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Renovated Boutique Thrives in Midwestern Town

Renovated Boutique Thrives in Midwestern Town

Holly Kappes, senior design manager with Innvision Design out of Atlanta, Ga., says that locals in Marshfield, Wisc., recall fond memories of the historic Hotel Marshfield, located in the southern part of the small town. ““It was quite the community hotel in its time,” says Kappes, who led the recent 10-month renovation that turned the dilapidated property into a high-style boutique hotel.

The hotel was built in 1960 and operated as both an independent and franchised property before falling into foreclosure in 2012. Owner Rick Roehl, president of Roehl Transport in Marshfield, felt the area was underserved when it came to lodging and event space. When the hotel went on the selling block at a sheriff’s auction, he formed Marshfield Hospitality, bought the asset, and enlisted the help of management firm IDM Group to help turn the hotel into something everyone—residents, employees, and visitors—could be proud of.

“The property picked us,” says Steve Wykle, president of Marshfield Hospitality. “We have a business right up the road; there was a need for hotel and event space. The community is underserved as far as event space goes.”

The $9.8 million renovation took the property down to the studs and drastically reconfigured the floor plan. The only original elements of the building that remain are the exterior walls and roofline.

In considering guests’ modern-day expectations, Kappes and the design team created a concept that provides open spaces, similar to how rooms flow from one into another in contemporary residential design.

The hotel public areas were designed with versatility to accommodate peak times of the day and night with a variety of changing functions for dining, socializing, entertaining, and meeting. Upon entering the lobby, a central hearth and fireplace were added to give guests a cozy place to meet.

The use of rich colors and a diversity of textures, including leather seating, granite counters, wood table tops, metal trim, and tweed and chenille fabrics, provide richness while keeping the atmosphere casual, Kappes says.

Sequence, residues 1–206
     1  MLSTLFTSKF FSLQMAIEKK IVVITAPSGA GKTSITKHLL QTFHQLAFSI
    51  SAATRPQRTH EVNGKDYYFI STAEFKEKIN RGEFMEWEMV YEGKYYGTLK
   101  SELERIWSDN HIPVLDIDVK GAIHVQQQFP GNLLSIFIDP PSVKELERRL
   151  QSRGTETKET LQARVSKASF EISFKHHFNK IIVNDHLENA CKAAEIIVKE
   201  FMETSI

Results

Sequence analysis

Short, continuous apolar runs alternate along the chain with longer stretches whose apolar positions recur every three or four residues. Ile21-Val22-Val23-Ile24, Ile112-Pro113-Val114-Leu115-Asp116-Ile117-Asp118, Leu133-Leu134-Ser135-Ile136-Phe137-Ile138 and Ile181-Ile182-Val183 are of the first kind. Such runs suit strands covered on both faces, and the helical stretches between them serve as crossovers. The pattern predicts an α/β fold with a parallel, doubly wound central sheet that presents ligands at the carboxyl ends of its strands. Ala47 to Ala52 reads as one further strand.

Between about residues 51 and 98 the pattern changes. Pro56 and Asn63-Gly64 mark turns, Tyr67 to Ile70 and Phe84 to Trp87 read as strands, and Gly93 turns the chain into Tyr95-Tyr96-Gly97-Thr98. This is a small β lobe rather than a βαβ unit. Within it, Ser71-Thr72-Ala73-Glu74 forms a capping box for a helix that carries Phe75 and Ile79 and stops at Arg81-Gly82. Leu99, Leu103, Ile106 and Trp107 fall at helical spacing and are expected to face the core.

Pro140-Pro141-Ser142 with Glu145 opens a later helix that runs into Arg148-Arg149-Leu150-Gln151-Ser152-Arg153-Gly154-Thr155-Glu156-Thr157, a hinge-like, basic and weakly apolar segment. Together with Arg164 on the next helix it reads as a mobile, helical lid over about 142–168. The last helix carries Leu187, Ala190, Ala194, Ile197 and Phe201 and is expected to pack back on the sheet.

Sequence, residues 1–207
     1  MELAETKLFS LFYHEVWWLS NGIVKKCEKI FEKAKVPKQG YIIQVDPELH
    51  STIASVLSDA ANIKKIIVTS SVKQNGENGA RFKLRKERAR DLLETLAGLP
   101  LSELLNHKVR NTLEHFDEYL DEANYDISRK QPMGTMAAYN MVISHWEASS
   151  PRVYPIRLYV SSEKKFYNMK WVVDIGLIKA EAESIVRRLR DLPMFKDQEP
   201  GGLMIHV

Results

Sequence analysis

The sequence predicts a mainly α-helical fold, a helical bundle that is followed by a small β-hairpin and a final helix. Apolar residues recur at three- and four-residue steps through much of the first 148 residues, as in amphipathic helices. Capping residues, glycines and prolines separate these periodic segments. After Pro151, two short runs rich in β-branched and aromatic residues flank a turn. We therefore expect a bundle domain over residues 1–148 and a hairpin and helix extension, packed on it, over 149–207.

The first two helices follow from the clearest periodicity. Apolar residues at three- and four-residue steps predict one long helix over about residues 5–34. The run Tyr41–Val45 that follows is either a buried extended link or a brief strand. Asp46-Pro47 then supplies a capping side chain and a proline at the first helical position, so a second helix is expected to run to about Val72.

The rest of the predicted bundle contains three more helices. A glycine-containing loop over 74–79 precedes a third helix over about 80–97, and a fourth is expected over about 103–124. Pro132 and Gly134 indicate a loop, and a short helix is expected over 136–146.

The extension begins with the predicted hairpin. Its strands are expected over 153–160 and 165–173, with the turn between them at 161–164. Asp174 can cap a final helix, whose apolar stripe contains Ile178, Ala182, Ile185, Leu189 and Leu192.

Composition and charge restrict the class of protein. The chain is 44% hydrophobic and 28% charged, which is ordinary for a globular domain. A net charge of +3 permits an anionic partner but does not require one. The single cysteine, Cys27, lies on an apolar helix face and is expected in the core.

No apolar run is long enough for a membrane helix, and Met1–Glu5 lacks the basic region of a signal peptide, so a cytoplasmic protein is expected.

“We used an eclectic feel with a mix of furnishing, accessories, and art styles so all age groups would feel comfortable,” she says.

The design team also referenced the history of the area in the hotel’s new look. The bold patterns of the carpet are reminiscent of railroad tracks—an homage to the city’s storied rail history. Art-style photography of local landmarks were added to public spaces and guestrooms. Even the name and décor of the restaurant, Libby McNeill’s, represents a long-gone local pickling factory. Kappes says that reclaimed wood from Wisconsin barns was also an important part of creating a local atmosphere. Repurposed barn wood was used in the dining area, at the face of the bar, and behind the front desk. Some of the furniture also was crafted from the recycled material.

The property’s courtyard, dubbed the Northwoods Backyard, was a highlight of the renovation, Kappes says. The plan for this space called for a natural flow of the indoors and outdoors. This was accomplished with natural landscaping, the addition of a fire pit, comfortable seating, two hot tubs, and a sauna. The area, designed for year-round use, can really warm up a frigid Wisconsin winter night.

Wykle explains that the reinvented Hotel Marshfield stands out from traditional franchises one would expect to find in a Midwestern town. The positive reaction from community members and hotel guests alike prove that properly positioned boutique hotels can work outside of major coastal cities.

“It’s a unique property in the area,” he says. “People are taken aback. It really stands out.”

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